hat do John Denver, Simon and Garfunkle, Otis Redding, and Gene Autrey all have in common with the Israeli national anthem, "HaTikva?" They have all sung songs with the same common theme running through them. Whether wanting to be heading down country roads to West Virginia, or wishing that the endless monotony of a traveling musician would be over, or sitting hopelessly by the San Francisco bay longing to be back in Georgia, or expressing the heart of a cowboy to live in the wide open spaces of the western plains, all portray the earnest desire to be home. And of course, the theme of "HaTikva" is the yearning of the Jewish soul to return to Zion. I believe what they all really reflect is the desire of the human heart to be at rest in our eternal home with God.

Ecclesiastes 3:11 explains that God has set eternity in the hearts of men. As carnal as human beings may be, our roots are still spiritual. Peter speaks of the hidden person of the heart; Sha'ul makes reference to the inner man. Even if people are dense and unaware of their inner nature, it does not change the reality. The image of God in fallen man is marred, but it is still there. The unregenerated spirit of man lives in darkness, but is still drawn towards the fragments of light that penetrate his world.

John Denver's Theology

The lyrics of the songs point us towards the heavenly. "Country Roads" even compares West Virginia to heaven, speaking of its natural beauty, mountains, rivers and forests. There is a sense of something ancient there. The writer is longing for something solid and dependable in contrast to the rapidly transitory nature of modern life. Yet God is even more ancient and trustworthy: "Lord, you have been our dwelling place in all generations. Before the mountains were brought forth, or ever you had formed the earth and the world, even from everlasting to everlasting you are God." (Psalm 90:1,2)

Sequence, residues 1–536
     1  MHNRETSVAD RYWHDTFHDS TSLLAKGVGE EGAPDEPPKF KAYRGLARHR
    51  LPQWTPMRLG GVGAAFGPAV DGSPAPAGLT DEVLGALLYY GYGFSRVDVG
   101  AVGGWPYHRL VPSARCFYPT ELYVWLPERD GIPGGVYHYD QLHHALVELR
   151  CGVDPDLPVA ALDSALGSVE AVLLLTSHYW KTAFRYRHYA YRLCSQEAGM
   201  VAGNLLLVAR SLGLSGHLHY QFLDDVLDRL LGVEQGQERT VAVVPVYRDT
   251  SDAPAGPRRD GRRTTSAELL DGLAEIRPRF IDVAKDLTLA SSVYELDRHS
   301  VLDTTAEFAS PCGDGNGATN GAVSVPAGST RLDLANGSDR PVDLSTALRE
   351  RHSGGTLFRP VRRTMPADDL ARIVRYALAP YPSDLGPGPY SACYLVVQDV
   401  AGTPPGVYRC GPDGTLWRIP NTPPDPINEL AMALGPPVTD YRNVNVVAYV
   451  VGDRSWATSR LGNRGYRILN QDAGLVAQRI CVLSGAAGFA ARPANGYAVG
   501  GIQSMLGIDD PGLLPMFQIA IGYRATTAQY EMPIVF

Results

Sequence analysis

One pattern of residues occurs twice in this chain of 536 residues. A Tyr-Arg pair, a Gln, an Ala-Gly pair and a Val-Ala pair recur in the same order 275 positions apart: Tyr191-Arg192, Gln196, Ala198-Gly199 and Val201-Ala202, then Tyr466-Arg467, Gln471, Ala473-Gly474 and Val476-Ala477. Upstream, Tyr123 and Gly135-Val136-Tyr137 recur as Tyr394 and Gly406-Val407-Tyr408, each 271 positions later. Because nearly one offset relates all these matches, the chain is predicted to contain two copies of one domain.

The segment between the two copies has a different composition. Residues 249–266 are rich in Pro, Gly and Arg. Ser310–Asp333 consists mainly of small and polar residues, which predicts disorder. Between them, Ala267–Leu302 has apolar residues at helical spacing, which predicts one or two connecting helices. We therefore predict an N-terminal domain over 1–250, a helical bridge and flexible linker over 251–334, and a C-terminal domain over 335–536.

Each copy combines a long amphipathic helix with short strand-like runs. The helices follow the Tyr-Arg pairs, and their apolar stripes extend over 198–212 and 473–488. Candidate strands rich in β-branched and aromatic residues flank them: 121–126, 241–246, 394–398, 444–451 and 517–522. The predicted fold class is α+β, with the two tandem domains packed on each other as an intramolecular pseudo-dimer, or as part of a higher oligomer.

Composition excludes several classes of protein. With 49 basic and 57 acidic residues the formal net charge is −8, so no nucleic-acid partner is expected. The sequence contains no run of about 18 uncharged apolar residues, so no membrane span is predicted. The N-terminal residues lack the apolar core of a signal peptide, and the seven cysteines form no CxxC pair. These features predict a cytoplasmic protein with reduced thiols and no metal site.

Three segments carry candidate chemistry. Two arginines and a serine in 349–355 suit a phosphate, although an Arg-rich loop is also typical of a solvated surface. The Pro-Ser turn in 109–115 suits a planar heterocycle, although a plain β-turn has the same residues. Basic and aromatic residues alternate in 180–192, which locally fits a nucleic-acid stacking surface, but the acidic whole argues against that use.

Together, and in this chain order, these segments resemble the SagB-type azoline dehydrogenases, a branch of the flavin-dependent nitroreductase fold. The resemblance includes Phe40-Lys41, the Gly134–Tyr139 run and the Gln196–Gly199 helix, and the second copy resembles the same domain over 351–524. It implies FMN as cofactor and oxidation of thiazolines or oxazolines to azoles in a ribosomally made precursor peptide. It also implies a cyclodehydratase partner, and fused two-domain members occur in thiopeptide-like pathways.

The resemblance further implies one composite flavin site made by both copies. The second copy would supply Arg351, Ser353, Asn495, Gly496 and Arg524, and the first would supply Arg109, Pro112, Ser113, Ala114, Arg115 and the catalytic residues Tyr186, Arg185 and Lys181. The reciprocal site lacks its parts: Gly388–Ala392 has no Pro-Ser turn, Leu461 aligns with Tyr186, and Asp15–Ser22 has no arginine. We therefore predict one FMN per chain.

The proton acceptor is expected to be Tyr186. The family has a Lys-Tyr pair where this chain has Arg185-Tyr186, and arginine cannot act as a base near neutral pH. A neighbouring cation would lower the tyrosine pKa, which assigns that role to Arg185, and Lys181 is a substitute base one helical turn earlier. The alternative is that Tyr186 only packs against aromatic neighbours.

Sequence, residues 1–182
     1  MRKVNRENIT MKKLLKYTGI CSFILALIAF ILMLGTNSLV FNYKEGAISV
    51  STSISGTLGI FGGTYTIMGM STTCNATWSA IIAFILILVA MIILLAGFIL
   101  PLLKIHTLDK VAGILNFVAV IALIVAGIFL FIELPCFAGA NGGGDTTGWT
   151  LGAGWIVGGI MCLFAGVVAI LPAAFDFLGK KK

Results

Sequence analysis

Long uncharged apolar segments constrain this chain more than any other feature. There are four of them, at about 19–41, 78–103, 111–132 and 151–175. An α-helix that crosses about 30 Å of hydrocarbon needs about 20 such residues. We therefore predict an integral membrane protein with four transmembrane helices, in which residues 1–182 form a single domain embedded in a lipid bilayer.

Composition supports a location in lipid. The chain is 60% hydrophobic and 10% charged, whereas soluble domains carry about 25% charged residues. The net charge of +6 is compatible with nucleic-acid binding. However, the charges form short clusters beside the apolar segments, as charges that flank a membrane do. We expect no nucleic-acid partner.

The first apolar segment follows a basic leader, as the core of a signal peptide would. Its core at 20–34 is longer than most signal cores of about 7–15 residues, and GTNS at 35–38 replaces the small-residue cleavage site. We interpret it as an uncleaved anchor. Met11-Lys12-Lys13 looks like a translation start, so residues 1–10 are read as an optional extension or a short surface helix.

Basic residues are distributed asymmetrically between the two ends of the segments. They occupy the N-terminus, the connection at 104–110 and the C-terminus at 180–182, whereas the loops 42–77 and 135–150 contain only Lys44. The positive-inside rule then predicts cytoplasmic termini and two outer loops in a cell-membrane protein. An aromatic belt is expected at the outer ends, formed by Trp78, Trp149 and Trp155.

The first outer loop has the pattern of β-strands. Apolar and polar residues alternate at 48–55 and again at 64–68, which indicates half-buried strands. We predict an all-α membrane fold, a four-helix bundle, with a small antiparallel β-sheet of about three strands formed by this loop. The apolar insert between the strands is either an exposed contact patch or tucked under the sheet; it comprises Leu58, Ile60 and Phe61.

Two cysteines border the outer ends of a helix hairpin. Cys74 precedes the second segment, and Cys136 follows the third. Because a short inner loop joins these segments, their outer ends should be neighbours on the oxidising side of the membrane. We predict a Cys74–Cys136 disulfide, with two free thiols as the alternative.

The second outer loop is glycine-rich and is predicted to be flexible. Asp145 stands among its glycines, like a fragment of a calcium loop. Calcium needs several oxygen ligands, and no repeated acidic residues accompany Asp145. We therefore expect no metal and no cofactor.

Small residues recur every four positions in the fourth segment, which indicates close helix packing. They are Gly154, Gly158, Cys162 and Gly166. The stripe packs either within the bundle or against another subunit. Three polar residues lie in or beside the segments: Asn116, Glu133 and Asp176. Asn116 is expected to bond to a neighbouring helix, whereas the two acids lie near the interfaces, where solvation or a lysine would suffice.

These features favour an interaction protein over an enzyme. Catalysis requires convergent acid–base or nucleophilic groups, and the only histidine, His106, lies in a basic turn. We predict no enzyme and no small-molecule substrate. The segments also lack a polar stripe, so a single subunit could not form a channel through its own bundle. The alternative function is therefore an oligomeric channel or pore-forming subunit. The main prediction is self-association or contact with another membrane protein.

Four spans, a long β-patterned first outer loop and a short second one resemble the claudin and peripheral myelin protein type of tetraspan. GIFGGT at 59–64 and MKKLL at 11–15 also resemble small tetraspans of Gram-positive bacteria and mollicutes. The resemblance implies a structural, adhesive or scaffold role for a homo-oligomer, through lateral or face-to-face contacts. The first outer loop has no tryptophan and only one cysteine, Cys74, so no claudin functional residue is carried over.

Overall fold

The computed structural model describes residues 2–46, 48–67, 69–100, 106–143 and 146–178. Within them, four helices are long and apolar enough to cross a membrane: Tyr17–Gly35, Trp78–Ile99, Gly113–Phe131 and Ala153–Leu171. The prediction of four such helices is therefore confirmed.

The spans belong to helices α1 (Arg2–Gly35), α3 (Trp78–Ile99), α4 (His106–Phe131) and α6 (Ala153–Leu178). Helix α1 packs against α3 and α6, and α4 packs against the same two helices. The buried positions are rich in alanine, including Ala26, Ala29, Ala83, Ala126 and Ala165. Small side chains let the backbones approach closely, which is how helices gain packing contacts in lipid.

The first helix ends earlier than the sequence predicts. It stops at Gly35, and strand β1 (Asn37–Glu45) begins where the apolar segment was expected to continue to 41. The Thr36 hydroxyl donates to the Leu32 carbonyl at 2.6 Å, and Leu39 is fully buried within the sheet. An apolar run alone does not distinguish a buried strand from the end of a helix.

"Homeward Bound" is the lament of a traveling musician, tired of the world of entertainment. He must travel to make a living but there is no satisfaction in it. Every train station, every city, every concert hall, every stranger's face looks the same and only increases his loneliness and his desire for home. It's interesting that the singer refers to home as the place where his music is playing. What he does for the entertainment and amusement of others is not really his music. Home is where his music is playing. It's a refuge from the phony world that takes what it wants from us and then spits us out when there is nothing left to take. He sings, "I need someone to comfort me." In His final words to His disciples Yeshua refers to the Holy Spirit as "The Comforter", because he connects us to eternity.

Otis Redding's "Sitting on the Dock of the Bay" is also about someone stranded far away, wishing he was home. Trapped in a hopeless situation and stripped of motivation, he failed to find a reason for living when he left home to wander. Now he just sits and stares at the boats, ever conscious of just how empty he is. In Luke 15:11-29, Yeshua spoke of the prodigal son who also wound up in dire straits and found the solution in repentance and returning humbled to his father's house. There his father received him with open arms.

"Home on the Range" is a cowboy song that expresses the desire for a home in a place of beauty, genuineness, light and encouragement, the opposite of this world of distortion, artificiality, darkness and discouragement.

Back in the Land, Still Waiting for Home